Now, unless you have a rock-solid credit rating, are not trying to borrow more than about 75% of the property value, and can comfortably afford the repayments, you will find it difficult and expensive to get a mortgage. The effect will be to lower the price of houses in those sectors that depend most on mortgage availability - first-time buyers and people on relatively fixed incomes. There is likely to be a knock-on effect in other sectors too. However it's misleading to talk of the 'housing market' since houses are not commodities and the market in them is not homogenous in the way that the stock-market is. The prices of some houses and locations will always buck the trend.
... and for the lenders!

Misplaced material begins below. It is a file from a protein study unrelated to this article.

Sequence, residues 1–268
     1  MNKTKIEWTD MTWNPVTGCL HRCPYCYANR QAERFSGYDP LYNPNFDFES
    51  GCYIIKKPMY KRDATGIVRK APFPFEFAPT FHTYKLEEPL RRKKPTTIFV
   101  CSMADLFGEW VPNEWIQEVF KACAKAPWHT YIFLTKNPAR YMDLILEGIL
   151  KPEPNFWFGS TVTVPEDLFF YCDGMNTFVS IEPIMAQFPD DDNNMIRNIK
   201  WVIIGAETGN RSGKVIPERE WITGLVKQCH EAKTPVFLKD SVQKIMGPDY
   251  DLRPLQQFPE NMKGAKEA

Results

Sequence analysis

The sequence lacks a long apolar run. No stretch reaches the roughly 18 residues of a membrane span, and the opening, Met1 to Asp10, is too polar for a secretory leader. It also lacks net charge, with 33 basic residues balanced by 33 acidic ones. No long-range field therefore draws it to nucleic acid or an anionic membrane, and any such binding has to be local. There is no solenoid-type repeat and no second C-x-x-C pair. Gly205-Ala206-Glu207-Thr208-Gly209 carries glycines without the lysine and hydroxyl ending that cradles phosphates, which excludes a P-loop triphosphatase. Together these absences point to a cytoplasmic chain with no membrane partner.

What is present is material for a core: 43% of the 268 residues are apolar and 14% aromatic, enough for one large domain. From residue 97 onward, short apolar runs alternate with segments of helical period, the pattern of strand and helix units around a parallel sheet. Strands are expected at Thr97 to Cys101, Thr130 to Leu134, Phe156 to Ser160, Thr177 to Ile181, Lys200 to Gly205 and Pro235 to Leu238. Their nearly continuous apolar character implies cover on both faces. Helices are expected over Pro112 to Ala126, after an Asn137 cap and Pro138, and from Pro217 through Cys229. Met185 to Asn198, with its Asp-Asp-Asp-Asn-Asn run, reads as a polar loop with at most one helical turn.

As we said at the time, Northern Rock was unlikely to be the only casualty and so it has proved, with almost the entire banking sector reporting huge write-downs on mortgage backed assets and many banks having to ask for new capital from shareholders. Our view is that the pain has only just started. The private equity sector has also relied very heavily on syndicated loans that were provided too easily and too cheaply by the banks. High interbank lending rates and a slowing economy will lead to an increase in failures amongst private equity (PE) owned businesses - and more damage to the banking sector.